DEBT-STRAPPED MICHIGAN TO SELL U.P. TO WISCONSIN
Sources close to the administrations of Michigan and Wisconsin confirm the two states are close to finalizing a deal which would transfer the Upper Peninsula of Michigan to Wisconsin.
The price tag is reported to be $2 billion, with half paid immediately and the other half over ten years.
While the transaction is unprecedented in the history of the United States, lawmakers cite no specific prohibition in the Constitution.
One Michigan official drew a parallel to similar transactions in the business world. “You see this all the time. One company’s having some struggles, but they have a division that’s attractive to another company. The healthier company expands, the weaker company gets the cash it needs, and everyone’s happy.”
Michigan will devote the initial payment to reducing its projected $1.6 billion shortfall in fiscal 2011. “They’ve seen S&P cut their credit rating three times this year alone,” said a bond analyst at Hale Yessai Sherwood.
“They really can’t run back to the bond market anymore. This is a very creative way to raise capital.”
He cautions, “I think you’ll see downgrades of Wisconsin bond issues for the foreseeable future. But it may prove out in the long run. In the short run, it helps Michigan far more than it hurts Wisconsin.”
A Wisconsin official acknowledged the acquisition will be dilutive, at least initially.
“We obviously don’t expect to recoup the first billion in new tax revenues right away. But over the ten years we project the net present value of the peninsula to be strongly positive. And anything after ten years, as they say in business school, is just gravy.”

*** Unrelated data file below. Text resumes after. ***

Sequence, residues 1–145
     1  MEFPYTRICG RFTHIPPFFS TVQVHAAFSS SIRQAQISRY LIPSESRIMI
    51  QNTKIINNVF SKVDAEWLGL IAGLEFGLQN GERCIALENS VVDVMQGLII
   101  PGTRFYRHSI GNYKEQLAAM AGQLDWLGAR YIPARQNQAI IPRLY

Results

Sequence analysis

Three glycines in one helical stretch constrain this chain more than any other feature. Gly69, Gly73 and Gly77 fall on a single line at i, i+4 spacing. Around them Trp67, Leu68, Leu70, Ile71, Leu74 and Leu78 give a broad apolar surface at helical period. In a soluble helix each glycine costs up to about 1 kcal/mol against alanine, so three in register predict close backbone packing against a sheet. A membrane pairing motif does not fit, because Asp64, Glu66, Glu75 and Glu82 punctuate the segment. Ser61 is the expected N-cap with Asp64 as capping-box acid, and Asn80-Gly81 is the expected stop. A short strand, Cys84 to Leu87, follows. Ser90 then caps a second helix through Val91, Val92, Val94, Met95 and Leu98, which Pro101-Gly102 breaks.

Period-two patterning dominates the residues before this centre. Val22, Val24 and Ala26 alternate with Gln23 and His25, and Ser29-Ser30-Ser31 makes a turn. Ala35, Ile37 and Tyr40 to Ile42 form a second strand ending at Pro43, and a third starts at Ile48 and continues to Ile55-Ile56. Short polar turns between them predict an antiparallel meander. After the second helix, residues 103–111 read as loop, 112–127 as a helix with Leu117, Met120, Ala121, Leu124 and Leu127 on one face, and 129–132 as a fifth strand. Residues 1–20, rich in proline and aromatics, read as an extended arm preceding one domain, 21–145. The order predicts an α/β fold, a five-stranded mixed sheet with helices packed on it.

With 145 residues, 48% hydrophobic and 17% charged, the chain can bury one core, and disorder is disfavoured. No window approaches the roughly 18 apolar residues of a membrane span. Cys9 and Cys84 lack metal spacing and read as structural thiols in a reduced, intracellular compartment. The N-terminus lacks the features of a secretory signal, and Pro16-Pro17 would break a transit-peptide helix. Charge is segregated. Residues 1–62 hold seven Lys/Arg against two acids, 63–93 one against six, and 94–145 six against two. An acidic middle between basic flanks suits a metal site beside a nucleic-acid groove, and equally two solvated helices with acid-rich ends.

While mining and logging have traditionally been the backbone of the Upper Peninsula’s economy, the official hinted at bigger plans. “By integrating the U.P. with our existing northern territory, we create the finest winter tourism destination between New England and the Rockies. Midwesterners will no longer have to board a plane to enjoy all the skiing, hiking, fishing, snowmobiling and casino gaming they want.”
He declined comment on the possibility of raising the elevation of the Upper Peninsula’s highest point—currently 1,979 feet at Mt Arvon—to appeal to skiers accustomed to Colorado’s mile-high slopes.
Residents in both states expressed displeasure at the sale.
“Are you ****ing kidding me?” said Jon V, of Holland, Michigan. “They screw up the budget year after year and think they can fix it by selling half the damn state?”
In fact, the Upper Peninsula makes up only one-third of Michigan’s land area, and just 3% of its population.
Paul D, of La Croix, Wisconsin, said, “Two billion? For what? A bunch of old iron mines and some cross-country skiing? I don’t like it.”
Reactions were mixed in the Upper Peninsula itself. Jane A. of Menominee said, “I already work over in Marinette (Wisconsin) anyway. I’m a Packers fan. It’s all good.”
But Carl P. of Iron Mountain was adamantly opposed.
“What gives them the right? My land isn’t theirs to sell. Next thing you know they’ll want to sell us off to Canada, or maybe Dubai.”
Randall L. of Houghton expressed a third point of view. “I don’t vote or pay no taxes anyway, so I don’t really give a ****.”